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Polishing their names as a way to honor the dead of 9/11

National September 11th Memorial & Museum maintenance worker

National September 11 Memorial & Museum maintenance worker Jerry Mena, whose job is to polish and clean the engraved names on the panels above the memorial's reflecting pools, discussed his job as the memorial caretaker on Friday. Credit: Craig Ruttle

An aura of silence surrounds Jerry Mena as his hands gently polish the brass panels with engraved names of those killed in the 1993 and 2001 terrorist attacks.

Mena is their caretaker. He is one of 30 maintenance workers at the National September 11 Memorial & Museum in lower Manhattan who preserves this last tribute to the nearly 3,000 who died.

"You really meditate here,’’ Mena said on a recent morning at the memorial. “I hear the sound of the water in the pools and feel the names and remember what happened that day.’’

He uses distilled warm water mixed with a patina cleanser that protects the brass panels. He takes steaming soft-fiber cloths — one in each hand — and carefully rubs each letter. He removes oily finger smudges and water spots and shines the panels clean to give respect and honor to those who perished.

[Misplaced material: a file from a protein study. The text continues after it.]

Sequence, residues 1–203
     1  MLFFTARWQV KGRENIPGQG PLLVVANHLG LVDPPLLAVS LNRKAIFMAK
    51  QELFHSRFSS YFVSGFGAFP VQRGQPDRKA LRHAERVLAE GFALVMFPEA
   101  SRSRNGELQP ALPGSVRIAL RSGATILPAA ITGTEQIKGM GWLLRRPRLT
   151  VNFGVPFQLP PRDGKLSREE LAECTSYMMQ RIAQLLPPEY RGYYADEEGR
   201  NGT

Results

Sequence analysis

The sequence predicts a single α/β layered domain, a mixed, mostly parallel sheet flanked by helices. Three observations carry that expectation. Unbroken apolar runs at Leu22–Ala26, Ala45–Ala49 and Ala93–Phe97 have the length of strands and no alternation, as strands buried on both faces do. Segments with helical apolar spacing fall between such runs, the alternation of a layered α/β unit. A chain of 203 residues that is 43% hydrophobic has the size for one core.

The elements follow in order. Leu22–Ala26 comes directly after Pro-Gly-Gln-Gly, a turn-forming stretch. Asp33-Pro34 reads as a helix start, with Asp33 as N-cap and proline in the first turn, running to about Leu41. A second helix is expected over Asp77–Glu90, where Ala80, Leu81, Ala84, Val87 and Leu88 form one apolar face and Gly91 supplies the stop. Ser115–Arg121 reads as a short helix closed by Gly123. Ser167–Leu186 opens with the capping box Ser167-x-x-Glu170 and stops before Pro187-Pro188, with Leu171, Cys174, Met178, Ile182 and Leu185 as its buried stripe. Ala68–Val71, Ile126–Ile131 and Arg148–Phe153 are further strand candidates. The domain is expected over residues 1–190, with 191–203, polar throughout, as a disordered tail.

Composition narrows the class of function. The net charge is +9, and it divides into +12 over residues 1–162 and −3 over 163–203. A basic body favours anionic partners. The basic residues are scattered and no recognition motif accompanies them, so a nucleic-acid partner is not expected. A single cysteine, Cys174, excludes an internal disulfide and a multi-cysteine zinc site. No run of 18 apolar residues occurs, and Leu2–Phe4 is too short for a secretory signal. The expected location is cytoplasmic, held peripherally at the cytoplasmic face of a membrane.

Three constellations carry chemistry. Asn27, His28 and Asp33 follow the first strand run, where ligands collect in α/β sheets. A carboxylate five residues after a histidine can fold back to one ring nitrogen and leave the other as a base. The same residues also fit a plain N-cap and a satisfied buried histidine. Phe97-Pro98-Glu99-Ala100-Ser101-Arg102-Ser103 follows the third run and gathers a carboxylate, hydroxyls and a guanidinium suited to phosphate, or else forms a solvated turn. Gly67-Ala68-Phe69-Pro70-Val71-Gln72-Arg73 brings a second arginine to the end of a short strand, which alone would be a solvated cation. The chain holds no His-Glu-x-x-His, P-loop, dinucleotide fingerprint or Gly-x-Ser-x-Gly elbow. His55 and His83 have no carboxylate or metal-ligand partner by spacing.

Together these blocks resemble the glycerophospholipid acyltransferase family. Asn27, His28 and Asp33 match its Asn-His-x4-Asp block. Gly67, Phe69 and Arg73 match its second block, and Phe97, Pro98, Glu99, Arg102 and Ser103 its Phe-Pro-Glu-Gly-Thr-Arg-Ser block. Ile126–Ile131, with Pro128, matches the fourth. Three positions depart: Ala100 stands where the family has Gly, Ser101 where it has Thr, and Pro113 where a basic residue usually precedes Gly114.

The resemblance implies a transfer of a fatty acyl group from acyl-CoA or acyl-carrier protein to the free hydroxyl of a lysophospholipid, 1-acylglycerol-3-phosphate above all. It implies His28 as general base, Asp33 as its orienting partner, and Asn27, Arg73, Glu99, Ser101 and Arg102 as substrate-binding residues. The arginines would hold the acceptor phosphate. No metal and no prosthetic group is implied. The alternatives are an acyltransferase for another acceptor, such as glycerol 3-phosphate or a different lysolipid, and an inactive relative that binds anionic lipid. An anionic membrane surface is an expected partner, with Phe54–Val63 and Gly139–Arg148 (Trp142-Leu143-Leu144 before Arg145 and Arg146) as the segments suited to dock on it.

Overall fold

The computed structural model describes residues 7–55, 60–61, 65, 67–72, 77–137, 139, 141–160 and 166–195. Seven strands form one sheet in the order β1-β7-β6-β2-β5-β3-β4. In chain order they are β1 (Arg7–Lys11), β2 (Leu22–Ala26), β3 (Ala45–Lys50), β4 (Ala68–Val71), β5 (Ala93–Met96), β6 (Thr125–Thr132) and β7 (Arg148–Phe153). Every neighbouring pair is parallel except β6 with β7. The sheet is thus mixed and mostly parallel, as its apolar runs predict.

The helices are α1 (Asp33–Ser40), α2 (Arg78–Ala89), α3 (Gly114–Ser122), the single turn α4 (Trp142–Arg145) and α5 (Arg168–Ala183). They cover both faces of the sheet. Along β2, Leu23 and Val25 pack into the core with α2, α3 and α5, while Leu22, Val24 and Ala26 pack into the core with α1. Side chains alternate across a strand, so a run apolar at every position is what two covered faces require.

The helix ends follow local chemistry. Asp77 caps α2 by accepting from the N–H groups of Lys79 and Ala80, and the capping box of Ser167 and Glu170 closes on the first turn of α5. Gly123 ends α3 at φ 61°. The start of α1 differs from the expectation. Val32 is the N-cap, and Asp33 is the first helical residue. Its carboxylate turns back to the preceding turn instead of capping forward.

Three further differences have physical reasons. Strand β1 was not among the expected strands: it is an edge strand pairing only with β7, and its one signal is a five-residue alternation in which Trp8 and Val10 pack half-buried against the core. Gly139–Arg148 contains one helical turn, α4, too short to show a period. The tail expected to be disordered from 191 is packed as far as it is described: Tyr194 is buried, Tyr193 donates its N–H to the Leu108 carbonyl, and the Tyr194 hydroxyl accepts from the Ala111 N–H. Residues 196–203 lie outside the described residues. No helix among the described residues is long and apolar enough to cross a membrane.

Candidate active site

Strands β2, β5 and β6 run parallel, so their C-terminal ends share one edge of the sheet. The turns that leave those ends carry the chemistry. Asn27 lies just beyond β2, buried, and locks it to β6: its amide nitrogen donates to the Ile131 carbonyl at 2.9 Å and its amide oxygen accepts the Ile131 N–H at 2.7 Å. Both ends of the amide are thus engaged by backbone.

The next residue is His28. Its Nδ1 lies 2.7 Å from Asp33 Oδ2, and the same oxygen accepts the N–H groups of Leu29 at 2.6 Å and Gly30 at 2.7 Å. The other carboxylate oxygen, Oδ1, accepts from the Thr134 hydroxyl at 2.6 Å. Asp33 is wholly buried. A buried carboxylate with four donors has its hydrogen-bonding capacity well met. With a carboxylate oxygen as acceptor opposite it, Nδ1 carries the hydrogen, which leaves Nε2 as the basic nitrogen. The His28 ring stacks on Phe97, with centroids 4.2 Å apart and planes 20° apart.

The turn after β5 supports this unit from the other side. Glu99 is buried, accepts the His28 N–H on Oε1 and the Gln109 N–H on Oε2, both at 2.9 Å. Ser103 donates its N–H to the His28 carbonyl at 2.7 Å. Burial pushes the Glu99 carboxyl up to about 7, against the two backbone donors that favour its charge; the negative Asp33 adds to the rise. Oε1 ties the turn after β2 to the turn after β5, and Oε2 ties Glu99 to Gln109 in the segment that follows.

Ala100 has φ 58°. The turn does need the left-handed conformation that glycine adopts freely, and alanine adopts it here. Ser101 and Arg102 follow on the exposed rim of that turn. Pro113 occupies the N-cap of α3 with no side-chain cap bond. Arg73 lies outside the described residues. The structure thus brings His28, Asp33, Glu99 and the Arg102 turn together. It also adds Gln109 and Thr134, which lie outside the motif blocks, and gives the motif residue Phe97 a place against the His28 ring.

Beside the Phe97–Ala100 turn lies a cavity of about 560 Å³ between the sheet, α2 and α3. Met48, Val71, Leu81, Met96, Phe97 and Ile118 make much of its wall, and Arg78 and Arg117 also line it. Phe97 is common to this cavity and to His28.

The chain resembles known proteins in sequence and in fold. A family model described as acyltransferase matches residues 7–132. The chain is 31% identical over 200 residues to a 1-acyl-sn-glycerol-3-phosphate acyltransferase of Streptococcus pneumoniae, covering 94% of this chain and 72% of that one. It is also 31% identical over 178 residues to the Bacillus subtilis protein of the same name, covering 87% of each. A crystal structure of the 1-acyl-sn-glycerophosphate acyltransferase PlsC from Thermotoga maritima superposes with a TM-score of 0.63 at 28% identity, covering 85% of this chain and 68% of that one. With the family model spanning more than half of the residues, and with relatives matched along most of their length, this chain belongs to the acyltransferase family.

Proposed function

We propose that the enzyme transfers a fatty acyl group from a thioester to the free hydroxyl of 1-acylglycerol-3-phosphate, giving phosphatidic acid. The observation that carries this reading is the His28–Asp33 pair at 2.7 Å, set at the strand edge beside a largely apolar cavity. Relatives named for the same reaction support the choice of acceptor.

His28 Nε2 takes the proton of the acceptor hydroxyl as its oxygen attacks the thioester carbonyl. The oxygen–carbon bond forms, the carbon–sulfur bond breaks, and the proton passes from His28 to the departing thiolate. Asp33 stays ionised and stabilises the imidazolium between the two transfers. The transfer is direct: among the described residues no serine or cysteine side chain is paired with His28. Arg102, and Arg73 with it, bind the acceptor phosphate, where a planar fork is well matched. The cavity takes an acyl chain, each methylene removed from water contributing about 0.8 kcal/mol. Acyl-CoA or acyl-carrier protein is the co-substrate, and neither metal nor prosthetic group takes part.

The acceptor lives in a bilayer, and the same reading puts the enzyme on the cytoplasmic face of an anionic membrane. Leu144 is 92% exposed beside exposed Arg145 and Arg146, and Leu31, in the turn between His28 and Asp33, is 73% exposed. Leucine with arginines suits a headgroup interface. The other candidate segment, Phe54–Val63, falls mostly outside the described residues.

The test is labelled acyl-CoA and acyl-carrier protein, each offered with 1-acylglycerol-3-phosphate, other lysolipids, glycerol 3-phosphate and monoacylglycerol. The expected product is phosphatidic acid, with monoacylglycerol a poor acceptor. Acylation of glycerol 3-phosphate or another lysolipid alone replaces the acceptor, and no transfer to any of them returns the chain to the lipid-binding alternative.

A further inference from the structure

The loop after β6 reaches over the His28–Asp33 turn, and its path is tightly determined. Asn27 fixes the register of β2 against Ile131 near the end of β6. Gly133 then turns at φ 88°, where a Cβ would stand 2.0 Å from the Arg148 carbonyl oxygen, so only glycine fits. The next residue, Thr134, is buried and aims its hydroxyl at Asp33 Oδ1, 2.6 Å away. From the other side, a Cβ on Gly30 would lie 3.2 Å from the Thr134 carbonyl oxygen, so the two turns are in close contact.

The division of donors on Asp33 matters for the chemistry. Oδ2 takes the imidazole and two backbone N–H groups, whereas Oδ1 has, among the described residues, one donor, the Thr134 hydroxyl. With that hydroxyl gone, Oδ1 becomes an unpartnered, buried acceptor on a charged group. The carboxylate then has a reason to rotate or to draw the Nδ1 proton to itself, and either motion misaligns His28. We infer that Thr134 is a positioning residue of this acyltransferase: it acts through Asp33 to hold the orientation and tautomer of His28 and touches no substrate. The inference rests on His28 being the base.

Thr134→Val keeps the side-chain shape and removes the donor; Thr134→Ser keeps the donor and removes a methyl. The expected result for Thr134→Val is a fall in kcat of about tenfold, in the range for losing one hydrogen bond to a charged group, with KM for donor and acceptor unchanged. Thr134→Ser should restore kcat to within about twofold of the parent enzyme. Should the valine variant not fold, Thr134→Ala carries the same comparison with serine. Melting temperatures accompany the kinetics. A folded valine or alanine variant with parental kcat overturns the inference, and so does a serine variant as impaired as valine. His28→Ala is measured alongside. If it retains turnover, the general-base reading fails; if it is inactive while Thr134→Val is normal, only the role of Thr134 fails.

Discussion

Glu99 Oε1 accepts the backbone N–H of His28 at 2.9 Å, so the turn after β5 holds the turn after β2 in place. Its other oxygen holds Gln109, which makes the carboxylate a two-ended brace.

Mena’s fingers move across the engraved names — each located on a lettered panel with a corresponding number. They are names of people he had never met before they died but five years of wiping and polishing has helped him connect to the level of humanity lost.

Panel N-27 struck a chord on Mena's first day on the job, he said. A native of the Dominican Republic, Mena saw his surname on the brass panel — Diarelia Jovanah Mena.

“I was shocked," he said. "I thought I might have known someone. But I investigated and found out she was from Argentina.’’

In the early morning stillness, Mena often sees mourners place a flower or a hand on a loved one's name he had made clean just for that very moment.

“You can see their sadness," he said. "I see them cry and it makes me want to keep the names cleaner so that they know someone cares and has not forgotten.’’ 

For many families who never recovered their relatives remains, the memorial is a cemetery.

“A quarter of us do not have remains,’’ said Monica Iken, a memorial board member who has yet to recover the remains of her husband, Michael, killed in the south tower. “This is a place of healing and it must be honored. I visit Michael here all the time and take pictures. I know he is here and that he is at peace.’’

Retired FDNY Deputy Chief James Riches lost his 29-year-old firefighter son Jimmy when his unit responded to the north tower. 

“My peace is with his name on that plaza,’’ Riches said. “I am happy that the men keep the panels clean. We have to honor those who took their last breath there because this is a cemetery and we can’t forget that.’’ 

Mena’s presence is a reminder that the plaza is hallowed ground where more than 44 million have visited since its opening in 2011. 

“People sometimes think this is a park and they don’t understand what happened here,’’ Mena said. “I am grateful for this job. No one gets more blessings than me — sometimes 50 times a day."

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